Can I deduct travel, meals and entertainment?

The IRS wants the business to distinguish between travel for business purposes and personal travel. Deductions for business travel covers almost all expenses you would encounter on a business trip: any form of transportation that takes you to your destination, meals, lodging, cabs or limos from the airport or while in a city, tips, laundry and cleaning expenses.

If a trip is partly business and partly personal, you are allowed to deduct only the business portion.

As for meals and entertainment, the IRS allows a business to deduct only 50 percent of the expense. This applies to you and a guest that you might pay for—you can deduct half of each meal or entertainment.

If you are a sole proprietor paying taxes through your personal Form 1040, you will take the deduction on Schedule C. A corporation may reimburse its employee-owner or employee for 100 percent of the meal and entertainment expenses, but it will still only be able to deduct 50 percent for tax purposes.

Can I deduct my automobile expenses?

There are two ways to compute your automobile expenses.

Each year, the IRS states a per-mile allowance for deductions, and that might be the simplest way to calculate the expense. The alternate method is to keep track of all car-related expenses like gas and oil, tires and repairs and use the actual costs.

Can I deduct all of my automobile expenses?

As with business and personal travel, you will need to allocate expenses if you use your car for both business and personal reasons. Commuting expenses are not deductible, and neither are parking fees at your normal place of work; these are considered personal expenses.

Can I depreciate automobile expenses?

The business entity can depreciate an automobile that it has purchased.

Can I deduct software that comes separate from a computer?

Yes, you can deduct 100 percent of the software cost in the year you make the purchase.

Employment Taxes

Most of the employment taxes your business pays fit under the “payroll” category, although self-employment tax is closely related. In a sense, federal and local governments have asked you to be the tax collector, since you are required to withhold a number of taxes—income, Social Security, Medicare and unemployment, among others. It is vital to stay timely with your payments to the tax authorities, as penalties for delayed payment are steep.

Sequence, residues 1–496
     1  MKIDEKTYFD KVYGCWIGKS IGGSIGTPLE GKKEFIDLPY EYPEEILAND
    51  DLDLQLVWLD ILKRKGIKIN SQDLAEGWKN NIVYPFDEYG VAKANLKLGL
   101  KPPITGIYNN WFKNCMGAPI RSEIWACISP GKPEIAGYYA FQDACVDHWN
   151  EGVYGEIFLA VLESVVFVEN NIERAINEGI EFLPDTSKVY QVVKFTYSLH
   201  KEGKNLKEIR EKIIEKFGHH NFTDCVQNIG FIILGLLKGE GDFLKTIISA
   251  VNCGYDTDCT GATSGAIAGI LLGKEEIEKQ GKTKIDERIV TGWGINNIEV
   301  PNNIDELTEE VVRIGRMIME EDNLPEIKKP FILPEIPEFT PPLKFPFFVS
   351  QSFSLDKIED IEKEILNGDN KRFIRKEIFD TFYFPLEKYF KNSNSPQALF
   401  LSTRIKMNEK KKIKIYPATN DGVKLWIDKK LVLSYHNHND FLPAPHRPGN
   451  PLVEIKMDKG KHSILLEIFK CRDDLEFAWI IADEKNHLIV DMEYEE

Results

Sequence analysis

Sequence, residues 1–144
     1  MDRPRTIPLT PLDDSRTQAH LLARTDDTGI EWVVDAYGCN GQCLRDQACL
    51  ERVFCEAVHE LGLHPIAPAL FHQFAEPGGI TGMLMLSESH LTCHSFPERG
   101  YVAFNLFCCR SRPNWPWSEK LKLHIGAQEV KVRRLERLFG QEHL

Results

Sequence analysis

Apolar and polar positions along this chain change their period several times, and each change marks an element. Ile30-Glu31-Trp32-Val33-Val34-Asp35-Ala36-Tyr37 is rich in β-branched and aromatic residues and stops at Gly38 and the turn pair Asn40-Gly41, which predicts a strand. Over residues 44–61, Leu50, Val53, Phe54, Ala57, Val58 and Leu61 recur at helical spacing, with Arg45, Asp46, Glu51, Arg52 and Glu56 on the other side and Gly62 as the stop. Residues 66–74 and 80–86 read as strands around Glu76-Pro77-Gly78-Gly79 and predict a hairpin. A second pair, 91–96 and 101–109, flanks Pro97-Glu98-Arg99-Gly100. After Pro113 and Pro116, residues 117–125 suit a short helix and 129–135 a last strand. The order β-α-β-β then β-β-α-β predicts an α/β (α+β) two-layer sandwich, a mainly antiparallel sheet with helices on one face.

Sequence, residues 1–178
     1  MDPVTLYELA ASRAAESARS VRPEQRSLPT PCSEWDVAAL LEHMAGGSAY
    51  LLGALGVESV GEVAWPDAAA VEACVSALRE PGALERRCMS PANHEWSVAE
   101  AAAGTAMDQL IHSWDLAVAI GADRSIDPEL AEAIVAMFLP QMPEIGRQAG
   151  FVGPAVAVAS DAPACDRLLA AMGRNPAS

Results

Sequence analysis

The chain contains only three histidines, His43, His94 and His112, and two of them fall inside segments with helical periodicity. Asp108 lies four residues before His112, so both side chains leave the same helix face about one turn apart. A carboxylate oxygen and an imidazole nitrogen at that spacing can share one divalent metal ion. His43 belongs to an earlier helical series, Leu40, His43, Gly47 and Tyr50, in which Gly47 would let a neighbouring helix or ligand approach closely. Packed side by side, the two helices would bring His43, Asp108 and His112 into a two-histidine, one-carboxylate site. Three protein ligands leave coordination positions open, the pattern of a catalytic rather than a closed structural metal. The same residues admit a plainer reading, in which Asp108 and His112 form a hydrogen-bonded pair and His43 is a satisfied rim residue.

What is a W-4?

Every employee that you hire will be asked to fill out a W-4 form, which helps calculate the amount of income tax your business will withhold. Geared to meet an employee’s personal income tax obligation, the form includes the employee’s marital status and how many exemptions he or she expects to claim. Using the frequency of the payroll period and the individual’s wages, the IRS provides charts and other ways to calculate the appropriate amount to be withheld.

All but a handful of states and even a few cities have imposed their own income tax, and you will be responsible for withholding an appropriate amount for those taxes as well.

How much of my employees’ Social Security and Medicare do I have to pay?

Social Security and Medicare taxes are shared equally by the employer and the employee. Unlike income tax, these taxes are calculated as a flat percent of wages. The Social Security portion has a ceiling of $90,000; there is no ceiling for Medicare.

The rate for Social Security is 6.2 percent of wages and for Medicare is 1.45 percent. This totals 7.65 percent; the employer pays 7.65 percent of total wages and withholds the employee’s contribution of an additional 7.65 percent of wages.

In what situation will I need to pay unemployment tax?

You are responsible for a federal unemployment tax (FUTA) based on total wages you pay employees. This is not a withholding situation; the business pays the tax directly.

You will be liable for FUTA if you pay wages totaling $1,500 or more in a quarter, or if you have at least one employee during 20 “calendar weeks” in 1 year.

Currently, the tax is a flat rate of 6.2 percent on the first $7,000 that you pay each employee.

Do I not have to pay state unemployment insurance taxes too?

Yes, state unemployment insurance taxes fund programs for unemployed workers. Paying a state unemployment insurance tax may mean you can claim credits against the federal unemployment tax.

I am self-employed. What kind of employment taxes do I have to pay?

If you do not incorporate the business and thus do not pay yourself as an employee, you have a special situation where you pay your own self-employment taxes. This process parallels paying employees with some exceptions.

First, you will not have income taxes withheld as an employee would. Instead you may need to make estimated tax payments to the IRS each quarter. Also, you effectively pay your own Social Security and Medicare taxes at the rate of 15.3 percent. You do not have an employer to pick up half the tab for this. Schedule SE is where you report your net self-employment income for Form 1040.